CAGED(1950)
It's fascinating to see the nearly-all female cast allowed to be as hard-boiled as any gangster or private eye, while the workmanlike John Cromwell's direction can easily stand up against legends like Sam Fuller and Robert Aldrich at their most gloriously lurid and pulpy. Anyone with the taste and the stomach for cinema's seamier side, particularly from the Roger Corman exploitation school, should see this evil little piece of noir, the wicked stepmother to the women-in-prison film and undoubtedly one of the least '50s movies of the '50s.


FAST-WALKING(1982)
James Woods and James B. Harris’s first collaboration together, before the interesting if deeply flawed Ellroy adaptation COP. Woods has one of his best leads here as a venal, none too sharp, but, under the circumstances, basically likeable prison guard. The movie itself feels a bit like his character: laid-back and just a little bit sleazy, coming off as a cross between a great mid-century Hollywood movie, like HUD or SCARECROW, that tried to show us some of America’s less explored byways, and a great drive-in movie from the same time, which would just try to wrest some trashy fun from those same less-traveled roads.Tim McIntire also turns in a great performance as a calculating prisoner, leading a very enjoyable supporting cast that includes M. Emmett Walsh, Kay Lenz, and Susan Tyrell.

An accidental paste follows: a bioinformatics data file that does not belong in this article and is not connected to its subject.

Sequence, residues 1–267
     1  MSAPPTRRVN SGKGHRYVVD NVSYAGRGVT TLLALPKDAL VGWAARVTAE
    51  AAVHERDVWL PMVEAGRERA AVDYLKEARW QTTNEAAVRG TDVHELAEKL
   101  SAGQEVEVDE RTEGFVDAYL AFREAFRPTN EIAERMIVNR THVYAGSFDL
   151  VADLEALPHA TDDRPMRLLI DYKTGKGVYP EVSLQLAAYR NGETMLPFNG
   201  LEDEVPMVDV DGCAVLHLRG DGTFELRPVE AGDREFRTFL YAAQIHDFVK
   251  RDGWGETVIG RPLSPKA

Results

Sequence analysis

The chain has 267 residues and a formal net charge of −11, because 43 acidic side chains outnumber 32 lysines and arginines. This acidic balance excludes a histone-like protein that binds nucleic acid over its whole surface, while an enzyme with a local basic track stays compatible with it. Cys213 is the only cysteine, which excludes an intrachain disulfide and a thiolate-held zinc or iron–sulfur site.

A BELL FROM HELL(1973)